May is National ALS Awareness Month. Amyotrophic lateral sclerosis (ALS), more commonly referred to as Lou Gehrig’s disease, is a progressive neurodegenerative disease that attacks nerve cells and pathways in the brain and spinal cord. More than 5,600 people each year are newly diagnosed with ALS. As many as 30,000 Americans may currently be affected by this fatal condition. Social Security can help.
People who have ALS meet the medical qualifications for Social Security disability benefits. ALS is one of Social Security’s “Compassionate Allowances.” The list of Compassionate Allowances conditions can be found at ww.socialsecurity.gov/compassionateallowances.
I would like to mention that this “Compassionate Allowance” was only made possible by the hard work of lobbyists and activists from the ALS Association and MDA — the Muscular Dystrophy Association. This was hard work and wasn’t done through the goodness of the US government’s nor Congress’ hearts. Just to show that efforts such as this, have to come from grassroots efforts, not by sitting back and thinking that what should be in the conscience of every human being, will automatically pop into the heads of our senators and reps in Congress. Unless, of course, enough members of Congress are touched by a single disease, it is not in their best interest to “do good things”. ALS is a rare disease and most people will never meet a person who suffers from it. In contrast, you would be hard-pressed to find any American who has not been touched by some form of cancer, either by himself or a family member, friend, acquaintance, or co-worker. For generations, people with disabilities were home all the time or locked in institutions. It wasn’t until 1990, that activists got the Americans with Disabilities Act passed. Still, these activists have to be out there 20 years later to enforce violations of the ADA.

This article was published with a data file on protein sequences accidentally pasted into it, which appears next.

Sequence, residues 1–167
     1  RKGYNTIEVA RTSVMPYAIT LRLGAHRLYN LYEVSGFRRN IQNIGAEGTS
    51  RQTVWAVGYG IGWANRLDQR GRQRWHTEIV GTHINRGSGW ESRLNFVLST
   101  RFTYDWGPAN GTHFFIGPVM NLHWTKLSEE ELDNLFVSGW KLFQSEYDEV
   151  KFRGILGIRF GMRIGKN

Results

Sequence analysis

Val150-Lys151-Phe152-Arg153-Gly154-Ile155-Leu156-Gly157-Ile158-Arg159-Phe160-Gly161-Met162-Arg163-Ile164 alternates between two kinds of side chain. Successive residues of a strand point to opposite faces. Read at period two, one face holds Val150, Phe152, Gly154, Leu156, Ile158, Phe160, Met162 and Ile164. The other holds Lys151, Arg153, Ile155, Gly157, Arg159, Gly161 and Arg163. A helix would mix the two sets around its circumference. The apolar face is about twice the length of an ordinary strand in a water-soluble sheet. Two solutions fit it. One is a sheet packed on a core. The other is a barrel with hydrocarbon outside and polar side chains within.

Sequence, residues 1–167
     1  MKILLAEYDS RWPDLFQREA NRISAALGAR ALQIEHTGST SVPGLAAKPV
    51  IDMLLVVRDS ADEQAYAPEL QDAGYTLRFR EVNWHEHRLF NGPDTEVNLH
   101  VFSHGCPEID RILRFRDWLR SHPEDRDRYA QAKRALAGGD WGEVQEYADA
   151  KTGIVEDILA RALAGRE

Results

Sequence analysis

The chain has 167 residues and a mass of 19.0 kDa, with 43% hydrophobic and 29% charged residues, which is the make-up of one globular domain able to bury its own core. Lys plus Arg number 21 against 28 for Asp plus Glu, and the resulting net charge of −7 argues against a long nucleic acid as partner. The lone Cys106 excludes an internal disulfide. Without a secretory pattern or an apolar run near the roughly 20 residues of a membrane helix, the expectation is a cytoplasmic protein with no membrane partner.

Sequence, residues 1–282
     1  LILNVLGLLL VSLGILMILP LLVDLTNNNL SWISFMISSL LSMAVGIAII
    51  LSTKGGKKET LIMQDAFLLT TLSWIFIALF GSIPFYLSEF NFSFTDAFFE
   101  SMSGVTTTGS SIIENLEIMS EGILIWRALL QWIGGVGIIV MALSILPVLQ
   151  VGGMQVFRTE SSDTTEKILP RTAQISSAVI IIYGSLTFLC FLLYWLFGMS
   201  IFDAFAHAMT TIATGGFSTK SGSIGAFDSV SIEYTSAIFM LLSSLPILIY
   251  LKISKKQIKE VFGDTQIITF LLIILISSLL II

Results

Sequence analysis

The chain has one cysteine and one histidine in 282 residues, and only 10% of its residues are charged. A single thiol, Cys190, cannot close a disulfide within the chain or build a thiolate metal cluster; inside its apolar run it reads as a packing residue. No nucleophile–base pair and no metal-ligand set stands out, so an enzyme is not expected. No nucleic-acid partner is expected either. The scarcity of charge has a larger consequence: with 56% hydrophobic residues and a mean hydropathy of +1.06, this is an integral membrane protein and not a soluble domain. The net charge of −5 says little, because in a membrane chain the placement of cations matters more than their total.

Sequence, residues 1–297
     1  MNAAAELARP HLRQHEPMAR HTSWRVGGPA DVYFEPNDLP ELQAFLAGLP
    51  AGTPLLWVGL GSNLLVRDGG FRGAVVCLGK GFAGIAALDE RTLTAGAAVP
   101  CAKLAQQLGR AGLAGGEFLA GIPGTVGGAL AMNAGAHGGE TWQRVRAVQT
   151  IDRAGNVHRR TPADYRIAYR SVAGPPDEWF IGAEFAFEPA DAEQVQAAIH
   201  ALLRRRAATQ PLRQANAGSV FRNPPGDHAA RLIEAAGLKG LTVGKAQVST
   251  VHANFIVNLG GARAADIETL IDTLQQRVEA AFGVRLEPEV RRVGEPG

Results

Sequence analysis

Never doubt the value and power of the people! And I don’t mean the power to elect legislators, but rather, the power to keep on top of those elected to Congress to remember who put them in office. This is only done by aggressive lobbying, petitions, letter-writing and phone calling, and by the visibility of those affected, no matter how disabled and hard for the healthy public to look in the eye.
by Fern Cohen
I Ramble … I’m with Ms. Cohen, and would like to add — implementing the ADA mandate has never been about an act of kindness, It’s The Law!